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Philippine Corals

by Francisco Nemenzo

Prof. Francisco Nemenzo

"Father of Philippine Coral Taxonomy"

A renowned academic and naturalist, he earned his BS and MS in Zoology at the University of thePhilippines in Diliman, Quezon City. He went on to teach at the same university, eventually holding the prestigious title of Professor Emeritus. In addition, he also earned an MA from the University ofMichigan, USA.


Prof. Nemenzo devoted his life to the study of Philippine corals. He was among the first to do so, as the only previous work dealing extensively on the subject had been conducted some 30 years prior, based exclusively on specimens deposited in museums in the United States.


Despite never pursuing a doctorate or donning a SCUBA tank, Nemenzo meticulously described andcatalogued over 375 species of corals, including 94 new species and five new varieties. His work waspublished in seven volumes of “Systematic Studies on Philippine Shallow-Water Scleractinians” andseveral standalone papers, a process which took over 20 years. Nemenzo insisted on publishing these in local scientific journals, primarily the Natural and Applied Sciences Bulletin, as he firmly believed that understanding and protecting the Philippines’ rich biological heritage should be primarily the responsibility of Filipinos, and thus his work must be accessible to them.


During his lifetime, Nemenzo was granted fellowships from the Guggenheim memorial Foundation, USnational museum (Smithsonian Institution, Washington), and the British Museum of Natural History(London), as well as memberships in numerous local and international learned societies. He isimmortalized in the coral genus Nemenzophyllia (Hodgson & Ross, 1982), which is named in his honor.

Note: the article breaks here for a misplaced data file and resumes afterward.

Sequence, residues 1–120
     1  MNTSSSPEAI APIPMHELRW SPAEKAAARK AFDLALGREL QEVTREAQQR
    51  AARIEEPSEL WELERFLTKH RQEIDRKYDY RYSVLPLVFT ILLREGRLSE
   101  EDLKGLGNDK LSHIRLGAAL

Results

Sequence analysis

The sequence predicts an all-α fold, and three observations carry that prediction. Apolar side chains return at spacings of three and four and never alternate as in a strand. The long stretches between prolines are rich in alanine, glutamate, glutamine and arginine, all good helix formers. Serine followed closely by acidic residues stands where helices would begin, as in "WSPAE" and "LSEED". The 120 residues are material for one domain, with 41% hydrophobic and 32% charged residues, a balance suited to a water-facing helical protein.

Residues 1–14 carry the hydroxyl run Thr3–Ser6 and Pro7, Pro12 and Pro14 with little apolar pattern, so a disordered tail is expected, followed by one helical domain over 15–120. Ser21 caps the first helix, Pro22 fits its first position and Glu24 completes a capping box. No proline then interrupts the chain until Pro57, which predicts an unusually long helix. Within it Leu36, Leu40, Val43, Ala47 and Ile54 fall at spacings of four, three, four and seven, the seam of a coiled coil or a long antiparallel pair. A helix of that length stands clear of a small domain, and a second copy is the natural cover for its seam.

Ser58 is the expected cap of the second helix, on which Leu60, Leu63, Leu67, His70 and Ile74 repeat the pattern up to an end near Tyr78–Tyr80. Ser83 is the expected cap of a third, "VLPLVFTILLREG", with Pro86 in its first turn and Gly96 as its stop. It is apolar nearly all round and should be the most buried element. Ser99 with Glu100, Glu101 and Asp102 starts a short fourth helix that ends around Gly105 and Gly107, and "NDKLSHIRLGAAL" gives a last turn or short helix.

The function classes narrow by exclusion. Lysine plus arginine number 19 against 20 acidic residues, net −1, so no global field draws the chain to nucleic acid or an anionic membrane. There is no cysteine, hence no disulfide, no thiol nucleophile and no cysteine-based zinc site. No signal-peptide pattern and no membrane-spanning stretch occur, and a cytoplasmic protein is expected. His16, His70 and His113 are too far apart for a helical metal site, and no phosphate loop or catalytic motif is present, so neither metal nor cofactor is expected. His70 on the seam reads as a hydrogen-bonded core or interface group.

To date, Nemenzo’s works remain the most comprehensive record of Philippine corals, and a preciouslegacy to present and future Filipino scientists.

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Nemenzo described over 375 species of corals from specimens collected mostly from Mindoro, Palawan,and Cebu. Of these, he proposed that 94 were new species and 5 were new varieties it is these whichwe refer to as “Nemenzo species.” Just over 40 of these species are considered valid, while the resthave been synonymized.


Given the extreme diversity of Philippine corals, of which there are an estimated 505 species 1 , and therelatively low circulation and poor print quality of Nemenzo’s original publications, it is worth revisitingthis esteemed taxonomist’s identifications for their potential significance in defining Philippine coraldiversity.


Nemenzo’s original specimens are scattered in four repositories across the country: the Marine ScienceInstitute and Institute of Biology at the University of the Philippines in Diliman, Quezon City, SillimanUniversity in Dumaguete, and the University of San Carlos in Cebu. This poses a considerable challengeto scientists seeking to validate Nemenzo’s work.


This website provides, for the first time, convenient public access to a large collection of high-qualityphotos of Nemenzo’s specimens. These are accompanied by Nemenzo’s own original descriptions and the taxonomic source and material for each, along with updated information on the taxonomic status ofeach Nemenzo species and the current physical location of each specimen.


Sources:DeVantier L, Turak E. 2017. Species Richness and Relative Abundance of Reef-Building Corals in the Indo-West Pacific. Diversity 9(3):25. {note this lists 505 species from the Sulu Sea, more than any single report from the Philippines and its neighbors}

Nemenzo, F. 1986. Guide to the Philippine Flora and Fauna Vol V. Corals. Ministry of Natural Resourcesand University of the Philippines, Quezon City. 273 pp.

Coral Genera
Type Specimen Location
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